Let me set some context here. In 2005, Bryan College celebrated its 75th anniversary, and part of that celebration was the commissioning of a statue of their namesake William Jennings Bryan. The statue was sculpted by Chattanooga artist Cessna Decosimo, and as far as I know, it was paid for by the college. The county agreed to allow it to be erected on the courthouse lawn. Even at the time, I remember mutterings about, "What happens if someone wants to erect a statue of Darrow?" The answer I heard then was, "We let them."
Ten years later, a group calling itself the Committee to Honor Clarence Darrow finally decided to do just that. The new statue is being designed by Zenos Frudakis, and the Committee is trying to raise the necessary money to put it on the courthouse lawn across from the Bryan statue. Who is this committee? Inaugural members come from the American Humanist Association, the Freedom from Religion Foundation, the Americans United for the Separation of Church and State, and the Freethought Society. So not exactly folks I agree with.
Our local Rhea County Historical and Genealogical Society first considered the request to erect the statue in early 2015, and Society president Tom Davis said that in the interest of fairness and recognition of what happened at the trial, we should let them put up the statue. After all, it was the conflict between Darrow and Bryan, two outspoken and passionate advocates of very different positions, that brought such notoriety to the trial. It makes sense to honor both of them.
That attitude is the same that you'll find in the Scopes Trial Museum at the courthouse. I remember my first time visiting the museum (years ago) and how impressed I was at the fairness with which Darrow was treated. There's a huge display panel about him just like there's a huge display panel about Bryan. Both of their positions are given reasonable and honest treatment.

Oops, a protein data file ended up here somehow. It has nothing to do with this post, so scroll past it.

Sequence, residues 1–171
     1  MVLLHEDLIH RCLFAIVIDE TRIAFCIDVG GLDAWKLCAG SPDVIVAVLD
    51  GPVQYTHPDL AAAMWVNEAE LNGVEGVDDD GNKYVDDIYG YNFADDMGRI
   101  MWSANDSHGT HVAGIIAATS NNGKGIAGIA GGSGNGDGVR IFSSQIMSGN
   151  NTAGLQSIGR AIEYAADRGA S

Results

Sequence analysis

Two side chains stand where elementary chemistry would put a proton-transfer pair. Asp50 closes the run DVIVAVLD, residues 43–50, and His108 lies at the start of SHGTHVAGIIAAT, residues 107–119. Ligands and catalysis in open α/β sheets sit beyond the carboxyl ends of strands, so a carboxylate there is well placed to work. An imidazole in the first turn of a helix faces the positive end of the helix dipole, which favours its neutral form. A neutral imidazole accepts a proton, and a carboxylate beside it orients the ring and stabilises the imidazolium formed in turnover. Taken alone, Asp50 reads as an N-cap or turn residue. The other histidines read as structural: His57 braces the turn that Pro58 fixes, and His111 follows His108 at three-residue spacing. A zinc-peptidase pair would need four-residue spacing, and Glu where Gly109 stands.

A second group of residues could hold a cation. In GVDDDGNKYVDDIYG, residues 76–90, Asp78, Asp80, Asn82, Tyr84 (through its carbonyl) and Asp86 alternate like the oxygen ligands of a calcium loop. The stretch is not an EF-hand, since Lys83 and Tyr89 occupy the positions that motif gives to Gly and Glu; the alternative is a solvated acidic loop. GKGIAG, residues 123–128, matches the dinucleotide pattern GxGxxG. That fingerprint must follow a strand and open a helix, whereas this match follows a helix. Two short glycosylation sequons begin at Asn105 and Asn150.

In fact, fair and reasonable treatment has been a recurring theme over the years as I've interacted with various folks on the "other side" of the evolution debate when they talk about their time in Dayton. Just a few weeks ago, Randy Moore and Susan Epperson were both here at the Scopes Trial Play and Festival, and they apparently had a great time. From the things he's said, I take it that Randy is very fond of this town (he visits often), even though he's a firm opponent of creationism.
With all that in mind, what kind of debate is now raging, according to the Chattanooga Times Free Press? I'm not sure. The article almost undercuts its own headline. Local newspaper editor Reed Johnson put the Darrow statue on the front page back in February:
But apparently that hasn't stirred up much fuss, according to the Times Free Press:
One might expect a town that reveres Bryan to resist efforts to memorialize his antagonist, but Reed Johnson, managing editor of The Herald-News in Dayton, said that vocal resistance hasn't materialized. He doesn't recall angry letters to the editor.But wait! There's at least a seed of potential controversy:
County Commissioner Bill Hollin said he doesn't think many people are aware of the effort, but he's against it and thinks others will join him.OK, there you go. What does Historical Society president Tom Davis think about this? Same thing he said in the local article from February (and the same thing he told me in 2005): If we accept a statue of Bryan, we'll have to accept a statue of Darrow some day to be fair.
What a raging debate! Remember everyone: Headlines are designed to get you to read the article. This one is almost comical in how much different the headline is from the reality that the article itself describes.
So what do I think? Honestly, I think it's a great idea. Here's another quote from Tom Davis that the Times Free Press didn't pick up (it's from the Herald-News article):
We don't want to stir up controversy or continue the battle from the 1920s, but rather just recognize it as a major part of our history. I think it will be a unique feature for Dayton and a good idea to have both [Darrow] and Bryan represented. We're not advocating a position. We are simply trying to accurately tell the story.Well said, sir. Darrow was just as important to history as Bryan. When he arrived in Dayton for the trial in 1925, he was met with a crowd at the train station and treated to a special banquet just like Bryan. That is the Dayton I know: welcoming even to people on the other side of ideological divides. We welcomed Darrow then, and we can welcome him now.
Feedback? Email me at toddcharleswood [at] gmail [dot] com. If you enjoyed this article, please consider a contribution to Core Academy of Science. Thank you.